I’m back at work today after a two week break. In my previous post I referred to the fact that, when left to my own devices, I tend to go to sleep later and later every night and wake up later and later every day. During the last two weeks, my tendency was to go to sleep around 6 or 7 am and wake up at 2 or 3 pm.
I intended to correct my sleep cycle before returning to work, but like most things I intend to do, I put it off until the last minute. Last night I went to sleep at 1 am and woke up at 9 am for work. This is approximately my normal sleep cycle. Surprisingly, this sudden drastic change resulted in the best night’s sleep I’ve had in a long time.
What constitutes a good night’s sleep, you ask? Well, it’s a good thing you asked that, because I’m dying to tell you. I hate it when I fall asleep before my head hits the pillow and I wake up eight hours later without realizing any time has passed. Technically, I may have had a perfectly restful slumber, but I always feel cheated. When I’m sleeping, I want to know that I’m sleeping. I want to revel in the fact that I am unconscious and free, at least until morning, of responsibilities.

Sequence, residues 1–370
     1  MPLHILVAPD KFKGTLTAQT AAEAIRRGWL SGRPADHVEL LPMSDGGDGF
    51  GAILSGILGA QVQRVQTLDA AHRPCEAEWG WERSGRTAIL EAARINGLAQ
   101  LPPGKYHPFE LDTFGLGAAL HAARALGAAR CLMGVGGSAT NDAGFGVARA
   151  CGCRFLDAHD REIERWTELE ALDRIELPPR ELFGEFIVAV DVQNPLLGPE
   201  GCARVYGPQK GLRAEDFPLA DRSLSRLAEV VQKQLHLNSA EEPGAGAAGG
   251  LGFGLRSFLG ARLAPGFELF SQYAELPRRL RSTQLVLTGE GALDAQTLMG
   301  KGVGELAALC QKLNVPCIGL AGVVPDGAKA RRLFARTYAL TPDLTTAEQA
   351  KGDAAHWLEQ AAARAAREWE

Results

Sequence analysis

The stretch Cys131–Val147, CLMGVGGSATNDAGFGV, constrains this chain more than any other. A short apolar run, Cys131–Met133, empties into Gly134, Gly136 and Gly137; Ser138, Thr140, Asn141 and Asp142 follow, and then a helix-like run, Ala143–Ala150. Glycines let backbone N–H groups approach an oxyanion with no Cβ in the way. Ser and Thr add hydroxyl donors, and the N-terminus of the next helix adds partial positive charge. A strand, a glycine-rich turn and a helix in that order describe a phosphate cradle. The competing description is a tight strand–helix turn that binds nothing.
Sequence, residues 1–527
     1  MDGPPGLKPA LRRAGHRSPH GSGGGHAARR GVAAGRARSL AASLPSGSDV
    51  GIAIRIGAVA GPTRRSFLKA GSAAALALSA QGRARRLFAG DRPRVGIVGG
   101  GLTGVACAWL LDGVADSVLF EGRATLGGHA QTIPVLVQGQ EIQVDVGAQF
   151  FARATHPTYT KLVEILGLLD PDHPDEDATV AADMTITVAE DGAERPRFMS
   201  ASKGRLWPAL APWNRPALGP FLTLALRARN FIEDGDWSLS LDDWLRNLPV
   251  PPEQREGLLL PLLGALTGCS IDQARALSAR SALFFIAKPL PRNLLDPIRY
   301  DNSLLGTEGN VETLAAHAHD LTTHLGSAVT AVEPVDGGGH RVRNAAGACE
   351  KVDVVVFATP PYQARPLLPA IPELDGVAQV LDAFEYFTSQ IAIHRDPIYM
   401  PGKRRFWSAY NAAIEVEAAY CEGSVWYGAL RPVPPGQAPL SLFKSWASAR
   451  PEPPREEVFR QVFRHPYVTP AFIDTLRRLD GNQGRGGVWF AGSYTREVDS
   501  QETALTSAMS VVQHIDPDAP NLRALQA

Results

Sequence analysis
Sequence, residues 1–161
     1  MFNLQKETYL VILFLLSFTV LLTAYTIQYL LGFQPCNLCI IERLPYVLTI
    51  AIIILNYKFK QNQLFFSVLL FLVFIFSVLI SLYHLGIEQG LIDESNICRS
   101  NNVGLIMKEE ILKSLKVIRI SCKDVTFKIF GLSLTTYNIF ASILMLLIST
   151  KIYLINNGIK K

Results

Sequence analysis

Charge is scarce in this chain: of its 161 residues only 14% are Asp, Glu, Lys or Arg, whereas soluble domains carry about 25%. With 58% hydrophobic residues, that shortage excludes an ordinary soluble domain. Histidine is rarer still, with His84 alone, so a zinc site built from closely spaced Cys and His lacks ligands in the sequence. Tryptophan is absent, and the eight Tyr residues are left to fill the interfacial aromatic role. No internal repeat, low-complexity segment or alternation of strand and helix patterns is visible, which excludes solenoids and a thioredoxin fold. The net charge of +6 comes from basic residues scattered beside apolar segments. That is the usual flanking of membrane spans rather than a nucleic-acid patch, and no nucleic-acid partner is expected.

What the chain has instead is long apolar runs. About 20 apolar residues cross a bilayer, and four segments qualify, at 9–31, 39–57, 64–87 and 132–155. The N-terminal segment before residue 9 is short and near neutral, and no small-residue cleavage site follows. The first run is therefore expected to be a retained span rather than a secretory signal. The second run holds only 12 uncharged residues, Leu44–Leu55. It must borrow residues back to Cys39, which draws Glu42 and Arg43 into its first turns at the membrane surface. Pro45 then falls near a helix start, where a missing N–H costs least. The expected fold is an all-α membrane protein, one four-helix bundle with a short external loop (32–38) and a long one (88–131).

So my ideal night’s sleep goes something like this: First, the room must be slightly chilly. About 65 degrees Fahrenheit. There must be a slight breeze and some white noise, for which a small fan will suffice. The room should be as dark as possible except for the dim glow of a few blue LEDs, which are always cool no matter what. I snuggle up under a big heavy comforter on a firm mattress with a pillow that’s not too soft but not too squishy. I lie on my back for a few minutes. Then I lie on my right side for a few more minutes. Finally, I lie on my left side for a few minutes. I fall asleep. Three times during the night, at evenly-spaced intervals, I gently awaken, drink a few sips of water from the bottle by my bed, and go back to sleep. In the morning, I transition smoothly into consciousness fifteen minutes before my alarm is set to go off. I stretch, pop my back, and make myself comfortable, but remain just barely conscious. The alarm goes off. I hit snooze. This happens three more times. Finally, I switch off the alarm and crawl happily out of bed, satisfied that I’ve had a restful night’s sleep.
Last night was just such a night. I wish I knew how to achieve this reliably. It’d make mornings so much happier.